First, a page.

I saw the movie version of “Les Miserables” this week and the order of actors in the credits reminded me of the Shakespearean quote about the world being a stage. Yes, it’s true that each player has his time and size of role. But even the most obscure part has its function. (Think of all the bodies at the end of the revolution or on the battlefield of “Lincoln.”)
What functions do authors think about when they create characters in their minds or on their pages?
Orson Scott Card, who has written multiple books about the writing craft, mentions that characters can be divided into walk-ons and placeholders, minor characters, and major characters. In a movie like “Les Miserables” or a mystery novel, an author has to consider how much time and description to give to each character he creates.
The walk-ons and placeholders are part of the background of a story. They have their purposes either in large ensemble groups or in small parts. They come in, do their thing, and then leave. In movie credits, such a character might be labeled “second man with gun.” In the Sherlock Holmes’ stories, the Baker Street Irregulars, a band of street urchins that Holmes relies on for intelligence, is such a group. In “Les Miserables,” the priest who gives Jean Valjean the candlesticks or the foreman of the factory who throws Fantine out, help send each character toward his or her destiny. Then the priest and foreman leave the stage/screen, mission accomplished.
In the mystery I just finished writing, Three May Keep a Secret, the county coroner, Dr. Ron Martinez, identifies a fire victim and then escorts her body to the larger city of Woodbury to keep the chain of evidence intact prior to her autopsy. I describe him only briefly, with a few details to show how tired he is when called out in the middle of the night. I also mention he is actually a pediatrician who doubles as a coroner in the tiny town of Endurance. Multiple titles is a characteristic of small towns.
The second category, minor characters, helps the plot along and we learn more about them than the walk-ons. They have their purposes too, and without them the story wouldn’t work as well or take some of the turns it takes. In “Les Miserables,” Samantha Barbs plays Eponine, a tragic character who is in love with Marius, and she has more screen time than the walk-ons, but she is not considered a major character. It is important that we feel her despair when she realizes that Marius is actually in love with Cosette, because then we understand Eponine’s motive in hiding Cosette’s letter from Marius. Major plot point!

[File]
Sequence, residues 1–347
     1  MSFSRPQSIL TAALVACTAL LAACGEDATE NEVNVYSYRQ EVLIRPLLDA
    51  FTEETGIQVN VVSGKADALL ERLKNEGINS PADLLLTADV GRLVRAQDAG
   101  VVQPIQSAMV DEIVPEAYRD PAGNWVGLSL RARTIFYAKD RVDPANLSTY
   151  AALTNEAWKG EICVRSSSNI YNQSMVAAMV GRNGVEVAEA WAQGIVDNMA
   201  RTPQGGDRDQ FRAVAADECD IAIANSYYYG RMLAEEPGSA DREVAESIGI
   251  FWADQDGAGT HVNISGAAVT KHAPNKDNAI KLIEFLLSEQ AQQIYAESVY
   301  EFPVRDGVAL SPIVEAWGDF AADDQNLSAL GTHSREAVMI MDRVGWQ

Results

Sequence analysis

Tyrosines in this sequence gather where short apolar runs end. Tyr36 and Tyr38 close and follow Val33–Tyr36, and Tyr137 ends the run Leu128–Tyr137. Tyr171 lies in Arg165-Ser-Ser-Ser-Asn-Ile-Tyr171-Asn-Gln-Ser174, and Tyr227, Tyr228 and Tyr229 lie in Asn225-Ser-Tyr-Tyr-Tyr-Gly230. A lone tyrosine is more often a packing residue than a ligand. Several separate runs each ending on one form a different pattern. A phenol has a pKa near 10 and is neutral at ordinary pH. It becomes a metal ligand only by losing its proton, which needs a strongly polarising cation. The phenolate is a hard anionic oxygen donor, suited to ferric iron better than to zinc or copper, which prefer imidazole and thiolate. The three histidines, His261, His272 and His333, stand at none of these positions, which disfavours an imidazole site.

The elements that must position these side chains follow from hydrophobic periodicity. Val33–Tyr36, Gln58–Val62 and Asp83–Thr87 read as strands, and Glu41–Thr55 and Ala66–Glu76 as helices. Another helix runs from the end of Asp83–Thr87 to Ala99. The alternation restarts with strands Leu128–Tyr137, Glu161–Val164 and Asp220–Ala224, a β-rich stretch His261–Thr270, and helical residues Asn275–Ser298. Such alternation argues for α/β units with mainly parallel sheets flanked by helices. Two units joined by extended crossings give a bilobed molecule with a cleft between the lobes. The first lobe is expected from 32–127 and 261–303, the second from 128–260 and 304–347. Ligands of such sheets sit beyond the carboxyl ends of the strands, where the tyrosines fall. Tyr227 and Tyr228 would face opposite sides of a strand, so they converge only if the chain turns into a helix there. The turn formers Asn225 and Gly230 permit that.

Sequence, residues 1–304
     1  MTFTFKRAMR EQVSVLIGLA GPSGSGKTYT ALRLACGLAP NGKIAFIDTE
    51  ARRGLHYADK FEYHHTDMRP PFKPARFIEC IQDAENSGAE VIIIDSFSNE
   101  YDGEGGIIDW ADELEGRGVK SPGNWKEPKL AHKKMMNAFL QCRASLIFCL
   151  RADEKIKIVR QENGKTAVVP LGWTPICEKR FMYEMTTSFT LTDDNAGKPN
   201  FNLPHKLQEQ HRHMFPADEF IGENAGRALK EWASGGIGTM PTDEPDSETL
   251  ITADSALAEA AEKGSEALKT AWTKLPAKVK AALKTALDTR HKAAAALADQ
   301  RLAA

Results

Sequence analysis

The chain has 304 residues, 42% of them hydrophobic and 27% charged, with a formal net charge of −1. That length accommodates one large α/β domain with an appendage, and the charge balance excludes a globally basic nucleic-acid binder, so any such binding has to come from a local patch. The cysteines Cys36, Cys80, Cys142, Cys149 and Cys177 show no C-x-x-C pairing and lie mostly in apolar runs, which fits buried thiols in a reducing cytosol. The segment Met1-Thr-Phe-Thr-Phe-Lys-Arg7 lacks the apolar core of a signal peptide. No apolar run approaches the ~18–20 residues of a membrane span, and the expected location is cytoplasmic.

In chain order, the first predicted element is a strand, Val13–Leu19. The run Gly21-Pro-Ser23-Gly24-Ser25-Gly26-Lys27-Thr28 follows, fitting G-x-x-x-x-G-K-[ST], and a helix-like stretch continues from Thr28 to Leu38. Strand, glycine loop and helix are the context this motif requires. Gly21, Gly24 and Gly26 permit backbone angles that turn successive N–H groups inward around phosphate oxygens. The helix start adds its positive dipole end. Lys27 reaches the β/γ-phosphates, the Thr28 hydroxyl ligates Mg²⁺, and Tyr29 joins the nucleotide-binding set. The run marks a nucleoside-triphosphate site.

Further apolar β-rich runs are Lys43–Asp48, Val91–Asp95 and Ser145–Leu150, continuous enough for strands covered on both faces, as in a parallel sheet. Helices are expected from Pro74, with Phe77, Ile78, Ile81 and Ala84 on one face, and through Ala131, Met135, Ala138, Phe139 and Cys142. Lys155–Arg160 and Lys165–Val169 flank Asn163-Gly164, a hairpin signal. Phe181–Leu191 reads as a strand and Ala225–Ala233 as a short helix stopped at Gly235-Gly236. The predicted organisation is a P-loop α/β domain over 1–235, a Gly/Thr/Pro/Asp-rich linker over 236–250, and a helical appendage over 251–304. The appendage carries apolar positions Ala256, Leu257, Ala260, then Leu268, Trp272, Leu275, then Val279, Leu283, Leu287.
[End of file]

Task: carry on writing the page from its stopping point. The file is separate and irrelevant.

In Three May Keep a Secret, Grace Kimball has two friends who play supportive roles in her life. One is Deb O’Hara, former junior high school secretary, married with two grown-up daughters, and always ready for a party, especially if it involves margaritas. Deb raises the alarm when Grace goes missing. She is in sharp contrast to Jill Cunningham, another friend who makes infrequent appearances in the book. She is there when Grace learns of an unexpected death and she always keeps the group in focus. She is an accountant and a no-nonsense kind of disciplined person who jogs two miles every morning. Unknowingly, they put Grace in the path of a killer when they volunteer her for a job. They are necessary to the plot, but not major characters.
A sub-category of minor characters is those who provide comic relief, especially in such a tragic story as “Les Miserables.” Those characters would be Madame Thenardier (Helen Bonham Carter) and her husband played by Sacha Baron Cohen. In Three May Keep a Secret, two characters offer comic relief. A dark mystery needs to give the reader time to catch her breath after something terrible happens. Ronda Burke is such a character. She is pursuing a career as a stand-up comedian and is Grace’s former student. She has an enormously ugly dog she has named “Adonis.” Grace’s sister-in-law, Lettie Kimball, is also a comic relief character. She believes everything she reads in the tabloids, listens to all the gossip around town, and has outrageous opinions. A minor character, she reflects a kind of small town person, but she also keeps her ears open for what is happening. She knows the pulse of the town.
We get to know the major characters well and want to know their fates. Their lives–and often their points of view–drive the plot. These major characters have both strengths and weaknesses and what we think of each of them determines how we feel about their fates. We must care about them, however, to stay involved in the story.
“Les Miserables” can only work because every character has his role to play. The same is true in any novel we read. The author determines page time and description length by the function of the character. Next time you read a novel or watch a film, think about the role each character plays, large or small. How would the movie or novel be different if that character, no matter how minor, didn’t exist?